By the way, I am not a lawyer, I just complain about them whenever I get the chance.
The EULA for Libranet is a bit more casual. Libranet's EULA is more along the lines of "Hey, this stuff is GPL, except for what isn't. Look at the individual packages to find out which is which. Don't blame us if it blows up your system. Do whatever you want with this stuff, just don't get us in trouble over it."
A slight difference in flavor and attitude is evident.
Xandros has spent no telling how much money, and a lot of man hours of work, in producing one of the smoothest, prettiest and most pleasant operating systems I have ever seen. Xandros 2.0 Deluxe is beautiful to behold, pleasant to use and easy to configure. Xandros has every legal and (to me) moral right to keep the non-GPL portions of their code proprietary. I have not the slightest objection in principle to their approach. Even if their trial version for download is supposed to be time bombed so that it quits working after 30 days or something, Xandros has every right to do that.
Libranet offers a free copy of their previous version for download from their website with no strings attached. When you send Libranet money for their latest edition, what you are paying for is to compensate them for the time and trouble of smoothing off the rough edges from Debian, putting together a nice installer, and inserting a useful interface that makes many tasks simpler and easier and compiling all of it.
Xandros seems to be struggling uphill a bit when it comes to tech support. Libranet tech support is mature and efficient and promptly effective. Both companies have excellent and deeply loyal user forums.
So why did I leave Microsoft anyway?
Well, I left Microsoft because it crashed early and often, because it picked up virii more readily than a classroom full of 6 year olds, because it bogged down my system to an incredible degree. But mostly I left Microsoft because I got tired of paying Danegeld. Extortion. Protection Money. I got tired of being locked into obligatory upgrades and proprietary file formats and activation codes that force a user to beg a faceless stranger for permission to use his own hardware. I got tired of asking permission from Microsoft to do whatever I want to do with the computer I paid for. I got tired of Microsoft's casual assumption that owning the license to the operating system gave them a license to tell me what I could, or could not, do with my hardware. I got tired of the uncertainty that comes from not knowing what hoop Microsoft was going to force me to jump through next. I got tired of doing things the Microsoft way simply because no other way existed. Now another way does exist. Where do I go from here?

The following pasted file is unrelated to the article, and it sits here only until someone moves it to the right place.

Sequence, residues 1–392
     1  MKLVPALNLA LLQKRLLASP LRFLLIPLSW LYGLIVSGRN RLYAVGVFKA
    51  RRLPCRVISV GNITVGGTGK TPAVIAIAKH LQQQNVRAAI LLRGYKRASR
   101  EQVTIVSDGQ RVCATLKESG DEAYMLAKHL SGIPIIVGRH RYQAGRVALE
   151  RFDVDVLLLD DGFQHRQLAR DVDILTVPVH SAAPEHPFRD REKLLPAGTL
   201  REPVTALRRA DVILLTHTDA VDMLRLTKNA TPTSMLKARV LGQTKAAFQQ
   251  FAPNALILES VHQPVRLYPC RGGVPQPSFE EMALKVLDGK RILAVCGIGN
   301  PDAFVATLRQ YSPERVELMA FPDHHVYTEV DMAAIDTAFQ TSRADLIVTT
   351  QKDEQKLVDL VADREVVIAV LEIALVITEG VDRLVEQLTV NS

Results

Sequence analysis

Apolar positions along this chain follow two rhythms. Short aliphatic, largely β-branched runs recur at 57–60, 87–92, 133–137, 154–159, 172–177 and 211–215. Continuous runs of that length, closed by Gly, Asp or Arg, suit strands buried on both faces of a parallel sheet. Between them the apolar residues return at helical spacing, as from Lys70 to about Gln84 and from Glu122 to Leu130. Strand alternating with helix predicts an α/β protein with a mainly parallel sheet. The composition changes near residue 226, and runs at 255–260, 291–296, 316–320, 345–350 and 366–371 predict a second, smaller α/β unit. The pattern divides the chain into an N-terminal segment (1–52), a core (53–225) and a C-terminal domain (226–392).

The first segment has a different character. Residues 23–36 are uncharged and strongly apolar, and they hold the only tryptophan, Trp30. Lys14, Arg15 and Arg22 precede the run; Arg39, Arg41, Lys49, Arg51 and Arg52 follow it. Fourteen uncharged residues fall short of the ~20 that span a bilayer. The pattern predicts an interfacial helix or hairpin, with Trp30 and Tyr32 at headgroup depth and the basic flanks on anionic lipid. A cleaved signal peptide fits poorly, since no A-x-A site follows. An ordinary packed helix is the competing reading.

I don't need to run Windows programs anymore. If I do find a need in the future, I have several (legal) copies of Windows in various incarnations here and I know how to setup a dual boot system. I don't need compatibility with a Windows network because I don't usually bother with a network. I don't really *need* all the user friendly enhancements that Xandros includes, but I certainly do enjoy them.
Libranet will do everything I need from an operating system. I can upgrade it indefinitely from free repositories. Xandros offers software that has been pre-configured to fit the operating system, and they are making noises about a subscription service in the future. Libranet is working on the same thing in a free Debian repository, and stating that it will always remain free.
Xandros retains ownership of their operating system and in their EULA specifically reserves the right to revoke the license at their option. Libranet says, "Take it, use it and enjoy". Xandros is still getting their legs under them in a cutthroat market. Libranet reports in their latest email newsletter that 2003 set new records for them, that their sales have tripled and they will show a profit this year. Xandros is designed for the non-tech Windows convert. Libranet gives me the tools to customize anything I want, any way I want it. Xandros is beautiful. Libranet is powerful. Xandros is smooth as old whiskey. Libranet is lightning fast.
"Just shut up and pick one Smith."
Boil it all down and the question is still subjective, just like it always has been. Subjectively, I like Libranet's attitude better. I like their general approach better. I like their customer responsiveness better. I also like the extra speed that Libranet gives my system. I like knowing that no one is ever going to audit my computer for illegal software with Libranet. And after I have tasted what it means to have full control over my own system, and full freedom to do whatever I want with my own computer, I can't give them up. I am going with Libranet for my primary computer.
Primary system - Libranet
Secondary system - Lindows